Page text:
By Ellen Knickmeyer
Washington Post Foreign Service
Sunday, August 31, 2008
HELWAN, Egypt, Aug. 30 -- In sync with the sun and the moon, the traditions of 1,400 years and the acts of Muslims all over the world, members of one of Egypt's seven official moon-sighting committees pulled into a parking lot high on a ridge overlooking hazy Cairo at sunset Saturday.
There were government astronomers in open-neck shirts, snapping open tripods to support their telescopes. Taking a preliminary look through the scopes at Cairo's western horizon, the astronomers didn't bother to announce what they saw at first glance: nothing.
There was a 70-year-old Muslim cleric, wearing glasses of stratified thicknesses, a gauzy black robe with gold tassels and a beatific smile. Declining a look through the telescopes, the cleric, Abdul Monim al-Berri, only sat and looked on, his presence as one of Egypt's leading religious scholars giving the gathering the stamp of religious approval. "I'm the legitimacy," he said.
And there was an al-Jazeera satellite news crew, trying to go live to tell the world the news from the parking lot, but having trouble with audio.
Frustrated, the network's reporter folded her arms across her chest and rocked back on her heels in the gravel, as she stared blindly at the sky.
Together, the committee members were on a mission: to look for the crescent moon that signals the start of Ramadan, Islam's holiest month, and to tell the world whether they had seen it.
From Senegal to Saudi Arabia and beyond, moon-spotting committees scaled minaret staircases and fanned out across deserts at twilight Saturday, as Muslims have since the founding of Islam in the 7th century, to look for a sliver of white in the sky.
Word from the committees would plunge the world's more than 1 billion Muslims into Ramadan.
For religiously observant Muslims, Ramadan is four weeks of daytime fasting and nighttime feasting with family and friends, interspersed with works of charity for the poor.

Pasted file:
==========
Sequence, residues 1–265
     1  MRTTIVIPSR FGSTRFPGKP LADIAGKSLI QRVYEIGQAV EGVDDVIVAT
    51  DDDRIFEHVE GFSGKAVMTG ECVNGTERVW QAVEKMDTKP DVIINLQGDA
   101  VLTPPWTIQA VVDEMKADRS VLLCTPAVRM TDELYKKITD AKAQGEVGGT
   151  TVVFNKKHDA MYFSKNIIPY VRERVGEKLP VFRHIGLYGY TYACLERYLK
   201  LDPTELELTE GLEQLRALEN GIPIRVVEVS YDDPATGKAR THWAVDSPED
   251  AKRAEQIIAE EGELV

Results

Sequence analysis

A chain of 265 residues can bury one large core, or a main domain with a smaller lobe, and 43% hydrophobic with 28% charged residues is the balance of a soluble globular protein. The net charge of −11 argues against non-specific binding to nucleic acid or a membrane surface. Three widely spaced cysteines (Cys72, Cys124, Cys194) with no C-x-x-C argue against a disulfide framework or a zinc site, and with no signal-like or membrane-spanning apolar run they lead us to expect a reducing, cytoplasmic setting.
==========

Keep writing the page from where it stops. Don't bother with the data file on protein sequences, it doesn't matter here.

"This night of witness is extremely important for we Muslims. It is the night that unifies us all," Berri said.
In the parking lot, as around the world, ancient ways met with modern advances Saturday.
The prophet Muhammad said Muslims should begin fasting when they saw the crescent moon that opens the lunar month of Ramadan. But since the 7th century, science has provided the extras -- telescopes and observatories, for example.
The 57-nation Organization of the Islamic Conference even proposed to launch a satellite to monitor the moon for Ramadan.
Science has also allowed precise tracking of the moon and the sun, allowing astronomers to know in advance that the crescent moon starting Ramadan will be visible in the Middle East no sooner than Sunday.
In the parking lot and in most of the Middle East, technology deferred to religion. Astronomers went through the motions, at least, of looking for the crescent.
"It's a matter of Islamic law we have to be here. But it's 100 percent sure we're not going to see it today," Faleh Mohammed, head of one of Egypt's government astronomy institute, told the al-Jazeera reporter.
A rumor went through the crowd that Libya had announced the start of Ramadan -- different countries often pick different days for the start and squabble over each other's decisions.
Mohammed scoffed. "What do they see in Libya that we don't see with our telescopes?" he asked.
Mohammed Yousuf, an astronomer in his eighth year of moon-watch duty, rose from another telescope.
The last time a member of a moon-watch committee thought he had spotted a crescent moon at this point in the lunar month was in 1991, Yousuf said. Other members of the committee were able to convince the man he had seen light glancing off a bird's wings, and error was averted, Yousuf said.
Even in Muhammad's time, Yousuf recounted, a man who believed he had spotted the crescent moon was about to announce Ramadan to the world -- until a friend leaned in and removed a stray eyelash from the man's eye.
At the next telescope over, astronomer Ahmed Mohem Fathi grumbled at Cairo's pollution, thick enough to veil any moon.
By 6 p.m., Mohammed was speeding off, rushing toward a news conference in Cairo with some of Egypt's top religious and government officials to announce the findings.
The word of Egypt's grand mufti, Ali Gomaa, would be: No moon Saturday, therefore the moon's appearance Sunday was inevitable, and Ramadan would start Monday.
Egyptian radio and television carried the grand mufti's announcement live. For many of Cairo's 16 million people, the joint broadcasts were a jolting reminder that Ramadan almost was upon them.
Traffic slowed to gridlock in a half-hour. Families rushed to buy food for the first of the month's lavish meals and aid baskets.
At 6:17 p.m., the same time when the crescent is expected to appear Sunday, the astronomers bent in earnest over their telescopes.
Bystanders fell silent.
The men stood in the hush, minute after minute, squinting at the rim where earth met sky.
In the silence, the rusty voice of a single old man rose from a mosque in the valley below. Carrying out a ritual older than the moon-watch committees, the man called the faithful to evening prayers.
"Allah akbar," the mosque singer cried. "God is great."
From his chair in the parking lot, Berri raised his fingers to the sky as if to pinch the absent crescent moon.
He then brought his fingers to his mouth and kissed them.
"This is the best part, the mingling of science and religion," Berri said. "It's beautiful."